Uncategorized

What this author so eloquently explains in her piece about learning a language, could be applied to every aspect of our lives. It resonates with me in many levels. Afterall, we are all learning to do LIFE.

A simple life put in simple language

Thinking back…

Was there anything more uncomfortable than sitting in a classroom when you were 13?

pupitres_y_sillas_si_uso Schoolroom chairs ready to be discarded. Photo Credit My heart goes out to some of my adult students… learning either English or Spanish.

I can see, no…I can feel, how uncomfortable they are, squeezing into those tiny chair/desk affairs that have been popular in schools in Spain for the last twenty years.

Teaching in private language academies in Spain, I have had to watch all stratas of society deal with the ‘classroom furniture ‘ provided by the Director of the School, who had never had to actually sit in this furniture herself  for a whole hour, EVER!

student_desk Hybrid chair/desks Photo credit I have seen grown men with beer guts trying to manouevre themselves self-consciously into these contraptions. I had to look away.

I have seen pregnant women discreetly attempting  not to harm their unborn…

View original post 982 more words

Uncategorized

Shadow Syllabus

Reblogging because Work, feelings/insights like the ones portrayed here need to be circulated again and again. The Author IS the right voice in the right time. This piece serves to reaffirm our faith (if ever we feel we’ve lost it) in our own humanity. I am glad I stumbled upon this one (via Cheri Lucas) I hope you find value in it as well. Selma

Sonya Huber

  1. IMG_3738I’ll tell you exactly how to get an A, but you’ll have a hard time hearing me.
  2. I could hardly hear my own professors when I was in college over the din and roar of my own fear.
  3. Those who aim for A’s don’t get as many A’s as those who abandon the quest for A’s and seek knowledge or at least curiosity.
  4. I had bookmarked a citation for that fact, and now I can’t find it anywhere.
  5. The only way to seek knowledge is to open your hands and let your opinions drop, but that requires even more fear.
  6. The goals and outcomes I am required to put on my syllabus make me depressed; they are the illusion of controlling what cannot be controlled.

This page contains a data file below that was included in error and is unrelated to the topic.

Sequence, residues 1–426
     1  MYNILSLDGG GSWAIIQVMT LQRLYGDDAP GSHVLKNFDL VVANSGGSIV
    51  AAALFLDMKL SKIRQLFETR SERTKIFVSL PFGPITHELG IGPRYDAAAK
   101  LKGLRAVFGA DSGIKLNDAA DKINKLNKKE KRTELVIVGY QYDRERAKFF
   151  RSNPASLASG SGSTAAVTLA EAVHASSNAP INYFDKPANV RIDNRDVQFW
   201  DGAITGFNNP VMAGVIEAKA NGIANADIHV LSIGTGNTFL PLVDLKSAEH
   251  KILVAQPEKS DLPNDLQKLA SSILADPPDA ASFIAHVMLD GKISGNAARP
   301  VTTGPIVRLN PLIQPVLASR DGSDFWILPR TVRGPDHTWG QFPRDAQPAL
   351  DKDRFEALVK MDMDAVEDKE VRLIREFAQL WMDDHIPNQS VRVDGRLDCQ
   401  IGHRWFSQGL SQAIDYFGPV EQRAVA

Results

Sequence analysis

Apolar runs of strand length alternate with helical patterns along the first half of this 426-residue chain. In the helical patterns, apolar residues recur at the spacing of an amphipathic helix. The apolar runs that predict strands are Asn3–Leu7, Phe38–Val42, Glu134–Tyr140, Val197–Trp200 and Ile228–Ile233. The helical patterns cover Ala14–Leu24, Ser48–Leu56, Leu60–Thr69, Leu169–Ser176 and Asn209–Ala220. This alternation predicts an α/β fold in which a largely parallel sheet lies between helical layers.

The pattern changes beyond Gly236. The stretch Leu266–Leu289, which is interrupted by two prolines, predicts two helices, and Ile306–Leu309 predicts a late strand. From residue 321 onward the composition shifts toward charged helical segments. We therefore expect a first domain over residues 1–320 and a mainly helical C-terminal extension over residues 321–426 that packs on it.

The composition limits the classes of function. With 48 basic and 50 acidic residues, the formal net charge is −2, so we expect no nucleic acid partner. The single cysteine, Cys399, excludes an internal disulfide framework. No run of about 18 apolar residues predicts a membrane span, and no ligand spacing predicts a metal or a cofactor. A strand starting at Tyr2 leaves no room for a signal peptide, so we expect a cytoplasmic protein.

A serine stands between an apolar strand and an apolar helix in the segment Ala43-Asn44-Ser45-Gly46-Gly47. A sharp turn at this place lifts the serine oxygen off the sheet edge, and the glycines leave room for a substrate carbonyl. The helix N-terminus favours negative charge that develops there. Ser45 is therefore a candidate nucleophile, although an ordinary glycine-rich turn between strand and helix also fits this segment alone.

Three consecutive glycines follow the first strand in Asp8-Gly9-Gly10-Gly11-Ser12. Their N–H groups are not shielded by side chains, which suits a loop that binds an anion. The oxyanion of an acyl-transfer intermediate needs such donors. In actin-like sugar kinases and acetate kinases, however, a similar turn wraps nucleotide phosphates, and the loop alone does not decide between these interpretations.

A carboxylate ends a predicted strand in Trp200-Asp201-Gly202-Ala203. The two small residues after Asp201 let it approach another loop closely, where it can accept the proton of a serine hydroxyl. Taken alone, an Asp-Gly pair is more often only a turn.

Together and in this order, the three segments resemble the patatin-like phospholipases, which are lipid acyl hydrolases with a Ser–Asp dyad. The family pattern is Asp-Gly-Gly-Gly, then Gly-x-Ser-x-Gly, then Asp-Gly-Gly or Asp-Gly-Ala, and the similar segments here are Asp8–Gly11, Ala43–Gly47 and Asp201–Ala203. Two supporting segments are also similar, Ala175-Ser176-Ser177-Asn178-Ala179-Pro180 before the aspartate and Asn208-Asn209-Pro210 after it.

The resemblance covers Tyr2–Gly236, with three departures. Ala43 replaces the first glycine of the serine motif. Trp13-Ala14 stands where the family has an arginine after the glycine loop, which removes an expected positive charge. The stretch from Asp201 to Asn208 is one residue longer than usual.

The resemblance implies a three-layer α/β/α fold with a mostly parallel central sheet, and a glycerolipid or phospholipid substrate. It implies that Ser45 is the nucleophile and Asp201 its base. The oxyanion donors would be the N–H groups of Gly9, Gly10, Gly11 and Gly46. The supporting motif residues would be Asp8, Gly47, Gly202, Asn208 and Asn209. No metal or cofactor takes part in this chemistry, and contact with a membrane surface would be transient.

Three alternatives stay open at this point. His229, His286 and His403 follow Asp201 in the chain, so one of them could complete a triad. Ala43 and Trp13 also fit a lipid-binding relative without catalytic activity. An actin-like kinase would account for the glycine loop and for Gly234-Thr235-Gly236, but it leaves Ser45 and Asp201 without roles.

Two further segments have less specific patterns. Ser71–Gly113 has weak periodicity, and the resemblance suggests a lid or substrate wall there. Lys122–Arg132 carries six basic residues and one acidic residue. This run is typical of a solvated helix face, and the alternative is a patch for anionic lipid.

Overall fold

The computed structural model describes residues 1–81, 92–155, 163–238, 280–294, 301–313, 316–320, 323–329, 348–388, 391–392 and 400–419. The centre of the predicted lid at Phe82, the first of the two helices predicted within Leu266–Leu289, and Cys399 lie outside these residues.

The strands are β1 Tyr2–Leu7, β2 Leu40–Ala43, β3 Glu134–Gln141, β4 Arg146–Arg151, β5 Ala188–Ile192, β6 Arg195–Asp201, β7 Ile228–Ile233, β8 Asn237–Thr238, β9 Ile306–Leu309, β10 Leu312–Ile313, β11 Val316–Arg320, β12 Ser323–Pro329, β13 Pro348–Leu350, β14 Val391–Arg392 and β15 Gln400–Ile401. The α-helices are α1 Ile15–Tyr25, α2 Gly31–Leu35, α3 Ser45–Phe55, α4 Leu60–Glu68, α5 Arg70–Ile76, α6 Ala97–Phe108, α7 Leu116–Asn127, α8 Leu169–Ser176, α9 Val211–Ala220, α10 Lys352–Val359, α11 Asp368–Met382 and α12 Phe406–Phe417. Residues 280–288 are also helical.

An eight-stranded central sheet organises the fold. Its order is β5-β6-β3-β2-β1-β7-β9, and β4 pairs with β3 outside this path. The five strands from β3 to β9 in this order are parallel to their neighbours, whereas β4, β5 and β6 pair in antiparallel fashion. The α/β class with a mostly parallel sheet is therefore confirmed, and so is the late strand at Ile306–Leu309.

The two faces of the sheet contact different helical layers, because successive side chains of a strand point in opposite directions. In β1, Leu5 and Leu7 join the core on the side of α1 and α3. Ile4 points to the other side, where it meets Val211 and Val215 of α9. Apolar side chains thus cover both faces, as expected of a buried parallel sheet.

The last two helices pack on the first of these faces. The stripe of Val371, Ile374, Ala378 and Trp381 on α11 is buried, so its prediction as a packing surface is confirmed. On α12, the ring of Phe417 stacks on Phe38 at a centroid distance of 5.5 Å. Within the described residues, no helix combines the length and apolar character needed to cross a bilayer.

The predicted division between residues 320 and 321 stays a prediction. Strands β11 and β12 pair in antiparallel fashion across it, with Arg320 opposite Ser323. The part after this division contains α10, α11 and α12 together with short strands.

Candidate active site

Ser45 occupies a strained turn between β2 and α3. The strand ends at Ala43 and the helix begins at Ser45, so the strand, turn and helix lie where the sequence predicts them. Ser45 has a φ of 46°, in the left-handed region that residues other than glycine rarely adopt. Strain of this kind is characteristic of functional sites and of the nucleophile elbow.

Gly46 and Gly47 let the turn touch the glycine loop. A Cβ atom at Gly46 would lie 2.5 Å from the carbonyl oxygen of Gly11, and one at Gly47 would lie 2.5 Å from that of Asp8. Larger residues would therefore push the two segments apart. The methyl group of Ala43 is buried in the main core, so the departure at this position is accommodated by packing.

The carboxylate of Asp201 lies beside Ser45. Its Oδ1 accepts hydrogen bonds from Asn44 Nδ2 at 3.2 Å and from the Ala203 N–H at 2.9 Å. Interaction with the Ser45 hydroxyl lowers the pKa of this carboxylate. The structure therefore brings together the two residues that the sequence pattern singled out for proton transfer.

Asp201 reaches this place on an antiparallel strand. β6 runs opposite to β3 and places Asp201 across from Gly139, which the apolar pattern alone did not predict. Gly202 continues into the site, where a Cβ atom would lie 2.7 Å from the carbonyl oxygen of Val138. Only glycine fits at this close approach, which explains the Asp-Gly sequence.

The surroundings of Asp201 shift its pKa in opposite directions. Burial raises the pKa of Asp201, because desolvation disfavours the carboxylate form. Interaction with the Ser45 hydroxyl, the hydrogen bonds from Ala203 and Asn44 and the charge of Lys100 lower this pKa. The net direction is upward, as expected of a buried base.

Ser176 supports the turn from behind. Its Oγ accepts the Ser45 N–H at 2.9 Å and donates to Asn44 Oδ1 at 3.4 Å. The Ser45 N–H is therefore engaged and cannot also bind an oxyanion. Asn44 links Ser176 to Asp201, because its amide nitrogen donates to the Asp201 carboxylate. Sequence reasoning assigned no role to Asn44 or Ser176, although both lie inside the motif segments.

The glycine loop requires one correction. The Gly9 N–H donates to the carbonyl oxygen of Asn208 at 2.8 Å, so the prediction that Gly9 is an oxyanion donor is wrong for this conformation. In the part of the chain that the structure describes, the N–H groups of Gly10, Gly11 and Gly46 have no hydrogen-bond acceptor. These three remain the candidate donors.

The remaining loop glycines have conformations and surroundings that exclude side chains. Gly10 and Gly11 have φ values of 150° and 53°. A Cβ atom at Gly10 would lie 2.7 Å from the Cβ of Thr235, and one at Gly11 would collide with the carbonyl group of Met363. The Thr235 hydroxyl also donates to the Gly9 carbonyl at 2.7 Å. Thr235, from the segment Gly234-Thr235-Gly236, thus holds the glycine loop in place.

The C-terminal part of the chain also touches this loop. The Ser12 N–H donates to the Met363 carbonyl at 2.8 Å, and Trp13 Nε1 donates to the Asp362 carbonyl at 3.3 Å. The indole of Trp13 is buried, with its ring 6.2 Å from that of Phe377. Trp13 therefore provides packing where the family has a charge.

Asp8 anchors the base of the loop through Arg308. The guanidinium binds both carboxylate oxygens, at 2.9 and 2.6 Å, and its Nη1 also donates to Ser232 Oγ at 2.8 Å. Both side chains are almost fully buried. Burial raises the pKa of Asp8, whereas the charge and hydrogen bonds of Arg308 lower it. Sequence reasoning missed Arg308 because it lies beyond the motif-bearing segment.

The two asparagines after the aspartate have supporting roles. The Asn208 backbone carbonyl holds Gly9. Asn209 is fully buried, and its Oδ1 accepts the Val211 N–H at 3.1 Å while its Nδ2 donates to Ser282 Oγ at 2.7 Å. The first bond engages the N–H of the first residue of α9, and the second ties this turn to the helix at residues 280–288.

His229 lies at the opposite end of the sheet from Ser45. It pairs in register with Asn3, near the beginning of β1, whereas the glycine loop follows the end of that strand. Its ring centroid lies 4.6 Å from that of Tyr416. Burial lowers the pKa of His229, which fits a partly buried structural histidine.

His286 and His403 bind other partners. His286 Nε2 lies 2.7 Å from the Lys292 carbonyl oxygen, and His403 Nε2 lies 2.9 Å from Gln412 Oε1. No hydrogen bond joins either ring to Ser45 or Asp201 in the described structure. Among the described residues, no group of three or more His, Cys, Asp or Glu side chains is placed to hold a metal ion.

7. I end up changing everything halfway through the semester anyway because the plan on paper is never what the living class ends up being about.

View original post 708 more words

Uncategorized

Moonlight Serenade

Here is a gem I picked up yesterday. I enjoyed this story tremendously. I really DIG this author. I bet you will too.

little word studio

By Melissa Kandel

There was no way around it: Luna had lost the moon. The revelation was quick but biting and it happened last night around dusk. She had been sitting with her cat, Marama, on the hill overlooking a town fading to pale, evening blue and there assumed her usual moon-watching position: Luna tucked her legs behind her, adjusted her shoulders, craned her neck and looked up to the sky with the confidence of a professional used to this sort of thing.

Why wouldn’t she be confident? Luna had spent half her twenty-years-long life sitting on the hill, searching for a moon she was meant to watch. And on every night except the last one, she had found it. But yesterday, when Luna hunted the sky for that familiar celestial orb, she found nothing. 

Luna wouldn’t have immediately thought this meant trouble, if not for Marama placing a paw…

View original post 925 more words

Uncategorized

Freewheeling through Rural Andalusia: The Via Verde of Seville (Photo Story)

I felt as if I had secretly tagged along and then I found that I was really enjoying the bike ride alongside Tim. I loved it so much that I’ve decided to reblog. And the photography– oh the photography, excellent. I’ll let it rest in my site for a while. Hope you don’t mind Tim. Thank you. Selma.

Lives and Times

Not far north of Seville, there is a track winding back through the northern slopes of Andalusia, through the Sierra Morena, a gorgeous corrugated mountain range covered in olive and oak trees under which graze pigs, sheep and goat. The track follows and old railway line built a century ago to service an iron mine at the end of the line. Mostly dead straight and mostly an easy incline, the Via Verde is the perfect way to see Andalusia by bike. I followed its twenty or so kilometres up and back to see what I could see.

View original post 405 more words